The deal was known as the Four Towns Agreement. The Army of Conquest agreed to spare Fuah and Kfarya. In exchange, Hezbollah agreed to spare Zabadani and Madaya.
And going forward, the number of people allowed to leave one set of towns — and the amount of aid going in — would be matched in the other set.
The Syrian government began sending 20 planes every month over Fuah and Kfarya to drop bread, fuel, ammunition and other supplies. But the deliveries were never enough. The U.N. described the situation in the besieged towns as “catastrophic,” with civilians “trapped in a cycle of daily violence and deprivation.”
As the government shut down rebel enclaves across the country, it granted the militants safe passage to rebel-held areas of Idlib, sometimes in exchange for the evacuation of civilians in Fuah and Kfarya.
The transfer deals often went awry, buffeting those civilians between the threat of death at the hand of the jihadis and the promise of evacuation or a government advance that would break the siege.
One deal, brokered in 2017, was supposed to evacuate all four towns. But a suspected rebel car bomb killed more than 100 residents from Fuah and Kfarya as they were about to enter government-held areas.
Many had given up hope of ever leaving, according to Zain Abideen Taleb, a 54-year-old lawyer. After his wife and their ill child left as part of a swap in 2016, he told her that he probably would never see her again and she should assume he would die fighting.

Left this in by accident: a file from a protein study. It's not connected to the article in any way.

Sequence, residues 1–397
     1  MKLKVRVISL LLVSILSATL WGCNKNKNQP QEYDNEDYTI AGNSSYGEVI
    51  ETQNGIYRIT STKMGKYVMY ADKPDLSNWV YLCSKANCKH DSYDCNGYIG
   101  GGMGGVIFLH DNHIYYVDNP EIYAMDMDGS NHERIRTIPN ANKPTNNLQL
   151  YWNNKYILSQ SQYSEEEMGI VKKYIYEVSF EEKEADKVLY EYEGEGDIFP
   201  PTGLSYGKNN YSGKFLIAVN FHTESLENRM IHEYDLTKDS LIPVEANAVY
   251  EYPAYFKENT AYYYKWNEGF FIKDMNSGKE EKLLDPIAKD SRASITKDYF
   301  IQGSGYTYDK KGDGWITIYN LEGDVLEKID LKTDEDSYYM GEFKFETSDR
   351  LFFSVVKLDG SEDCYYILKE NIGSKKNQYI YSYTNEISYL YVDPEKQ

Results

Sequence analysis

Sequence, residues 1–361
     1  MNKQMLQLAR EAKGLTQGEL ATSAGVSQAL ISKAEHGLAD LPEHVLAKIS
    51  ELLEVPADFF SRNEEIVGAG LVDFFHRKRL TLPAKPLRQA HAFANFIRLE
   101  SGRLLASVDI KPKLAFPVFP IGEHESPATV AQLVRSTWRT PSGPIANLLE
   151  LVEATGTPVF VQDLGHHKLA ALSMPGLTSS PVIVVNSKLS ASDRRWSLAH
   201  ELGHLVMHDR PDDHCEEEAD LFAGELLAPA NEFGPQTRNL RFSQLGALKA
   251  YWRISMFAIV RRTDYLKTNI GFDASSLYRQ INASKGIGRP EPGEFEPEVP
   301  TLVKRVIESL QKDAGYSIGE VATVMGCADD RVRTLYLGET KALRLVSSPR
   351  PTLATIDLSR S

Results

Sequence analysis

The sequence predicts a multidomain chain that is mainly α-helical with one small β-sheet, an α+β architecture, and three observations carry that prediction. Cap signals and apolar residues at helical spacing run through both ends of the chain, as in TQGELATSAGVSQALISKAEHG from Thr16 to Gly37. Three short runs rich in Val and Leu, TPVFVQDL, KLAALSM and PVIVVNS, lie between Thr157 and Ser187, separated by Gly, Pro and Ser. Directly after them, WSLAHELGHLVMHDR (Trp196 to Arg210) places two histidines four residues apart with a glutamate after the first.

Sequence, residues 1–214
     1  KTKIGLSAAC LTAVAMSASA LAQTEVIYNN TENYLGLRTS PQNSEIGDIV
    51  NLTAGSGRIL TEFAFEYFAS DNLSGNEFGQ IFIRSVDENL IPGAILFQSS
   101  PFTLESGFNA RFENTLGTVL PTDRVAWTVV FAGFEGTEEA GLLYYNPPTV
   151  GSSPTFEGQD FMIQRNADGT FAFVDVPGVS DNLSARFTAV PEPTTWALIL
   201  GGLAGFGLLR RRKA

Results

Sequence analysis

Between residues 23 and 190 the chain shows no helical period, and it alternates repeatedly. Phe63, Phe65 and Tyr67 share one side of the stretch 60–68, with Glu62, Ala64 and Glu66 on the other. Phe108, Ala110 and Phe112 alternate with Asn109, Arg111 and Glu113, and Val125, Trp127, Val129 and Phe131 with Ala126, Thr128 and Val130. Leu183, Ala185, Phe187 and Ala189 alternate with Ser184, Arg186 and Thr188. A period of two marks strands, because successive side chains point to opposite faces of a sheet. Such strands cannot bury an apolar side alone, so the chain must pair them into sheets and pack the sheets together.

“We watched all these rebels leave in Homs, Aleppo, Zabadani, Madaya and Ghouta,” Taleb said, listing the names of onetime rebel enclaves. “The militants were always calling us hostages, a government weak spot they wouldn’t give up at any price.”
The Sunni jihadis in July began to mass for a large attack on Fuah and Kfarya.
The impending offensive was the impetus for a deal to evacuate the two towns, according to a jihadi commander in a video interview with pro-opposition outlet Zaman al-Wasl.
“The Iranians communicated with us and said they would exchange 1,500 people in regime prisons and some of the jihadi warriors,” said the commander, who used the nom de guerre Abu Abed.
On the day of the evacuation, when the buses finally began rolling away, the dominant emotion in the towns was relief.
“Does anyone leave their house, memories and land and be happy?” Taleb said. “But it got to the point where we wished to go.”
In the aftermath of the evacuation, the jihadis blitzed into the towns. They looted, desecrated Shiite shrines and welcomed Sunnis who had been displaced by government campaigns.
They renamed the towns for two caliphs revered by Sunnis: Farooq and Siddiq.
The evacuation placed all of Idlib in the hands of the anti-government forces. But it also cleared the way for the Syrian government and its Iranian and Russian allies to launch an assault on the province in hopes of taking it back and consolidating power in the country’s northwest.
That has given the former residents of Fuah and Kfarya — who are scattered across Syria — hope that they might soon return and rebuild their lives.
Taleb and his 48-year-old brother, Yahya, said they would have no trouble living near Sunnis in Idlib.
“Things will return as they were. … In any society where you have bad people in control this is what will happen,” Yahya said by phone.
But Mohammad Hassan Taqi, a Fuah resident who had headed the towns’ crisis committee, was less certain.
“We’ll get the towns back, but living there will be almost impossible,” he said.
“There were victims … there will be revenge. It will be 10 years until things go back to as they were.”
This article was originally published in the Los Angeles Times.